The recent outbreak of the Zika virus has created turbulence in both medical and political fields. The virus is similar to the dengue virus as it is spread by the same mosquitoes. Symptoms include fever, rash, joint pain, or conjunctivitis (red eyes), and then the illness goes away within a couple of days. What they are finding now is that this virus can be sexually transmitted and is spreading explosively. The movement to find a cure to the disease and a solution to keep rest of the population safe has been in the news on every channel. The issue on whether athletes from Zika-infected regions should participate in the coming Olympics is resulting in heated debates. However, through this impetuous progression, the true colors of women’s rights and its correlation with socio-economic static are starting to emerge. One of the places where Zika viruses are often found is in Brazil, which is also home to the world’s strictest abortion laws.
Women are being advised to avoid pregnancy until a proper cure and/or treatment is found. However, it is obvious that telling women not to get pregnant in a region of the world where birth control contraception is not readily available is far from being a smart move. Many argue that while it is logical to ask women to stay abstinent from procreation, it is imprudent not hold classes on sexual and reproductive health. Women who are pregnant are asking for abortions to avoid birthing a child who may have microcephaly, a birth defect where babies are born with abnormally small heads and incomplete brain development. They are denied on the grounds that abortions are only legal if the mother was raped or her life is at risk. The stigma of abortions can also be linked back to the heavy Catholic influences over the region where abortions and using contraceptives are equivalent to murdering a living child.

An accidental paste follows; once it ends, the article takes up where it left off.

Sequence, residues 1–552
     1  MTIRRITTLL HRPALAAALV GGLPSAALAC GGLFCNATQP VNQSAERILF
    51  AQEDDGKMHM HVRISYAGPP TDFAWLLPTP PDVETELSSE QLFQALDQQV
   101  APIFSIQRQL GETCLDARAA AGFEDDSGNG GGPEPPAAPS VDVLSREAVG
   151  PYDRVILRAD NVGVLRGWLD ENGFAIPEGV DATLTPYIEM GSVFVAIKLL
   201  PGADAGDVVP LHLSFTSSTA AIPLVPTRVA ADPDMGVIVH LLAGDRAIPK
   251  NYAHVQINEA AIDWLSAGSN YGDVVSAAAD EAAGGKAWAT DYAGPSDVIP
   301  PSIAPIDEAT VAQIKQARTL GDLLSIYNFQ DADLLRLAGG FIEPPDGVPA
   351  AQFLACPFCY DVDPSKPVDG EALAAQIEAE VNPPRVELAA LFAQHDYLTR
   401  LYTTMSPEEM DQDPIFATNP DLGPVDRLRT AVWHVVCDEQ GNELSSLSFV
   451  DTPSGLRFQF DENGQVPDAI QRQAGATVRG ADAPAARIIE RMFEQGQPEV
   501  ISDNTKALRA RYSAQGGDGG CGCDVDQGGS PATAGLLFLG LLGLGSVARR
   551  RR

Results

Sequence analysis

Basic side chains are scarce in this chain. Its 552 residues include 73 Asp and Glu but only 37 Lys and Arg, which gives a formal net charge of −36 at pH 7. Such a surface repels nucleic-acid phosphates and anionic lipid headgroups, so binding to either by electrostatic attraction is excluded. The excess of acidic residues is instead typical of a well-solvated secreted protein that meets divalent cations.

The Zika virus outbreak has shed light to the world on women’s reproductive rights in South America. The correlation between this epidemic and social inequality are very much evident. Those who contract the Zika virus are commonly women who live in the communities’ least developed regions. The women who are living here are young poor women of black and brown color. These women are the ones that are working in ungodly poor working conditions and therefore contract the virus. These are the same women who receive the least sexual and reproductive health care supplies. Their rich upper class counterpart women have access to be able to afford safe (illegal) abortions. Women who live in poverty have doctors perform abortions in hazardous procedures.
Zika virus is a reality check to the world on how much further women’s right has to go. Scaring women by calling them sinners and murderers are not labels we should be putting on women for wanting to take charge of their bodies. It is okay for women to have their own beliefs on what to do with their body, but the government does not have that authority.